Serbia's Balkan neighbors boycotted President Tomislav Nikolic's inauguration on Monday, claiming statements by the new Serbian nationalist leader reignite wartime tensions and cast doubt over his proclaimed pro-European Union goals.
Although invited, the leaders of Croatia, Bosnia, Slovenia and Macedonia _ the Balkan states that were embroiled in a bloody breakup of the former Yugoslavia in the 1990's _ shunned the ceremonies at Belgrade's downtown presidential headquarters after Nikolic denied that the Srebrenica massacre, during which Bosnian Serb forces killed some 8,000 Muslim men and boys in 1995, was genocide.
Europe's worst slaughter of civilians since World War II was proclaimed genocide by the International Court of Justice and a U.N. war crimes court for the former Yugoslavia that convicted several Bosnian Serbs of taking part in the carnage.
The ex-Yugoslav neighbors also are angry about Nikolic's claims that Vukovar, a Croatian town destroyed by Serb forces during Croatia's war for independence in the 1990s, is actually a Serbian city.
Nikolic's recent statements have fueled fears that his surprise victory in a May 20 presidential runoff vote over pro-EU Democratic party leader Boris Tadic may threaten postwar reconciliation in the Balkans _ the key condition for Serbia to become a member of the bloc.
"I wanted to send a message (to Nikolic) that his statements about Srebrenica and Vukovar _ the statements that remind us of Nikolic from 10-15 years ago _ are unacceptable," Bosnia's presidency chairman Bakir Izetbegovic said in Bosnian capital, Sarajevo, on Monday.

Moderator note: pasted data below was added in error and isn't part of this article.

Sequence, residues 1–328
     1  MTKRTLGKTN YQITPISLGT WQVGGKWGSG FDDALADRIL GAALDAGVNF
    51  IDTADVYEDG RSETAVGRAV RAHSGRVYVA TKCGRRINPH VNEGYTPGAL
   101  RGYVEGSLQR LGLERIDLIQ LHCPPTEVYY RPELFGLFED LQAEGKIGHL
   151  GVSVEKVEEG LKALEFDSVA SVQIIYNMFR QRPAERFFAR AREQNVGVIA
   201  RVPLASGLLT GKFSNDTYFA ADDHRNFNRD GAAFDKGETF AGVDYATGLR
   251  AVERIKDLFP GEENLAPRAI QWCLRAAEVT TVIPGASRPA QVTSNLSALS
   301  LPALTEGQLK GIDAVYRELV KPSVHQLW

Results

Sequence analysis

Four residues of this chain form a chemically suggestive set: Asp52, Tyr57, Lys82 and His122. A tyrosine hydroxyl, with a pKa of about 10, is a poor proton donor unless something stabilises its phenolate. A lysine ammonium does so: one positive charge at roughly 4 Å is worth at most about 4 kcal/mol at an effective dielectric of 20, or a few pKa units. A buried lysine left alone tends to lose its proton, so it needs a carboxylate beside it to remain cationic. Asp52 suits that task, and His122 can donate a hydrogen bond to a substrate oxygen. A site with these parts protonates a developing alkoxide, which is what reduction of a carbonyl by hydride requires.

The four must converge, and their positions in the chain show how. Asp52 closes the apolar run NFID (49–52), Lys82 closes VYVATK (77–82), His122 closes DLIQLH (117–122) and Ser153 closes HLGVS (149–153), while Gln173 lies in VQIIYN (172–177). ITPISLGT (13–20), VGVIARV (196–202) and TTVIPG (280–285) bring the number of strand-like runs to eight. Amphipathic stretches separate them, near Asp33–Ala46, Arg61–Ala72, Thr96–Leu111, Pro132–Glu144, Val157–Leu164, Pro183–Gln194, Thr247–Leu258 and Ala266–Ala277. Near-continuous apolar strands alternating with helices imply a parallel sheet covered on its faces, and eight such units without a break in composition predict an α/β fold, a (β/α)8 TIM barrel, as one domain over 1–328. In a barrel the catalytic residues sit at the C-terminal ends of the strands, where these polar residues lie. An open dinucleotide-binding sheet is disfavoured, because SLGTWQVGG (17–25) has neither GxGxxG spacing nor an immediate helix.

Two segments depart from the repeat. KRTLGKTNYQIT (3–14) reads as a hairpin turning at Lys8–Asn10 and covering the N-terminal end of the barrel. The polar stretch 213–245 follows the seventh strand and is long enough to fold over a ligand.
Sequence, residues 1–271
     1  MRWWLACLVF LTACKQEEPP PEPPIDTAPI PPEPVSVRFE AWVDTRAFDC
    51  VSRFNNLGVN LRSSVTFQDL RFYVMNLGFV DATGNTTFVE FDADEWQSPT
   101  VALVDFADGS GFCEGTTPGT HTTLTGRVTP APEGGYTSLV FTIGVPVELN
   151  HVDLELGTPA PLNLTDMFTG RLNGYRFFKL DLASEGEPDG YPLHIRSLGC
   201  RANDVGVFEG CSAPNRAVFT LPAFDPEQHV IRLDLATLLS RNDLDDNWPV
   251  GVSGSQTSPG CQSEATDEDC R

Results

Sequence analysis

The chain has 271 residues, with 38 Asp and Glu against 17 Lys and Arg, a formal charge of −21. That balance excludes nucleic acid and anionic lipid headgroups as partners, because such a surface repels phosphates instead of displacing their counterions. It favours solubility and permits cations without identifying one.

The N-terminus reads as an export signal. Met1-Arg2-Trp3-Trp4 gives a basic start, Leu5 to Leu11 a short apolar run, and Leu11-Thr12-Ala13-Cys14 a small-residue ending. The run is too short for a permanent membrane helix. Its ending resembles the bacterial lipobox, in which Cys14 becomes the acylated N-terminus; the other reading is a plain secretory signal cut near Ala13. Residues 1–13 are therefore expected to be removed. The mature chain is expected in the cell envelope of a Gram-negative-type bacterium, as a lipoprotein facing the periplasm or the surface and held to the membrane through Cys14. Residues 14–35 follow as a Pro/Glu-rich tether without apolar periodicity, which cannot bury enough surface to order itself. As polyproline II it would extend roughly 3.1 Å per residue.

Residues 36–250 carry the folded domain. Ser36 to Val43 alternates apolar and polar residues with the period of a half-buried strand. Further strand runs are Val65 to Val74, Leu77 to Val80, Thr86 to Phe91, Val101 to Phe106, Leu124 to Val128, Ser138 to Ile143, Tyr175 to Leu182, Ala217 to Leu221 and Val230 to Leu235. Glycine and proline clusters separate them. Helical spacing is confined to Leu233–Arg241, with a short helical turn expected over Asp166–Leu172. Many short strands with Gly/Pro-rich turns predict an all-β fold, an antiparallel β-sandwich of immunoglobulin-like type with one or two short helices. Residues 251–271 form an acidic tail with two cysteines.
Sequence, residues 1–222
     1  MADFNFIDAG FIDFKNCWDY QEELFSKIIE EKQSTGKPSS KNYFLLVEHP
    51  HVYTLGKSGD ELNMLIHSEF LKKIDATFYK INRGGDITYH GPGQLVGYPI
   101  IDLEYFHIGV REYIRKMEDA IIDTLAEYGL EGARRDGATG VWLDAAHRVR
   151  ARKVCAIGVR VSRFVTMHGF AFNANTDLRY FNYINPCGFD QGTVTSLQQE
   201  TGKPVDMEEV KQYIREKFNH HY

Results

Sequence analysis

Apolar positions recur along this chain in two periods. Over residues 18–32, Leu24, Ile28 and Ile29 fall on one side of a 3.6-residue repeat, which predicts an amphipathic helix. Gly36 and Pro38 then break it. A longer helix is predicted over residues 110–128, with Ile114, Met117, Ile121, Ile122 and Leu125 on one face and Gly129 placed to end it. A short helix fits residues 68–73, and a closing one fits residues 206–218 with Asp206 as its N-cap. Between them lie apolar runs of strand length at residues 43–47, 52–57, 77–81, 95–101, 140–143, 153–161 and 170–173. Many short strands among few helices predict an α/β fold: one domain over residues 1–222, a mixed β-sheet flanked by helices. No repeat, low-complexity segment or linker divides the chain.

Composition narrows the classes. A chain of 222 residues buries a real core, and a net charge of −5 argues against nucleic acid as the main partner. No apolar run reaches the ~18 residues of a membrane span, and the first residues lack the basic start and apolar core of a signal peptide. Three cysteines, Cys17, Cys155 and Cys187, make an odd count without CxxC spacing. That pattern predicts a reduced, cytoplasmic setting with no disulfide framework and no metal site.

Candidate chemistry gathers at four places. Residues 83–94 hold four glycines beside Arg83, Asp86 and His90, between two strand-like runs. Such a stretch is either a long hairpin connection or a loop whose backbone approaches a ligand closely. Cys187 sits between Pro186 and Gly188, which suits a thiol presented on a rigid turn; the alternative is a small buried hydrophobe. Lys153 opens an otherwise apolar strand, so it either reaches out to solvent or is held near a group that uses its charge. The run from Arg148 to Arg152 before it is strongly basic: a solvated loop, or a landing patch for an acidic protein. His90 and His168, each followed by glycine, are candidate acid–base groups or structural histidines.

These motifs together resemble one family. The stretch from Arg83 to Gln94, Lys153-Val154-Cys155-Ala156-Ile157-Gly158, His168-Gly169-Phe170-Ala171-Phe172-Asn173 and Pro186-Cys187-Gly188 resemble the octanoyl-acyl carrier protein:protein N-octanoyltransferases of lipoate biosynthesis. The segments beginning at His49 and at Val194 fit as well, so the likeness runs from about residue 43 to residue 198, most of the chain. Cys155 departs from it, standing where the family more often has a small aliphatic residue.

"I think that it is important to send such a message straight away because Nikolic is a man who is trying to change. He had changed his rhetoric, but he has to definitely change his attitudes and to prove he had done so by his future statements. We need to help him with that."
Nikolic, a former ultranationalist politician who has claimed to have shifted from being staunchly anti-Western to pro-EU, has somewhat toned down his rhetoric recently, including on Monday after his talks with EU enlargement commissioner Stefan Fuelle.
In his speech at the ceremony, Nikolic pledged to press on with his pro-EU policies, declaring that "Serbia's road to the EU is the road to the future." He promised to " help Serbia continue on that road."
In an apparent reference to the regional tensions and disagreements over Serbia's role in the war in which some 100,000 people were killed and millions were left homeless, Nikolic said he won't allow "differences over the past to jeopardize our future." He said, "All our differences we will be solves peacefully through dialogue."
Fuelle was the highest ranking official to attend the inauguration. Most of the countries were represented by their ambassadors accredited to Serbia.
Nikolic said Fuelle is a "proven friend of Serbia" and a "man dedicated" to Serbia becoming an EU member.
Fuelle said he was attending Nikolic's inauguration "as an expression of the trust we have in Serbia to remain and advance on the road to the European Union."
"There is a lot of expectation of Serbia continuing to play an important role in the regional cooperation and pushing forward the reconciliation which is that strong bond of the countries in this region," Fuelle said. "I've been very encouraged by the discussion, Mr. President."
AP correspondent Dusan Stojanovic contributed in Belgrade.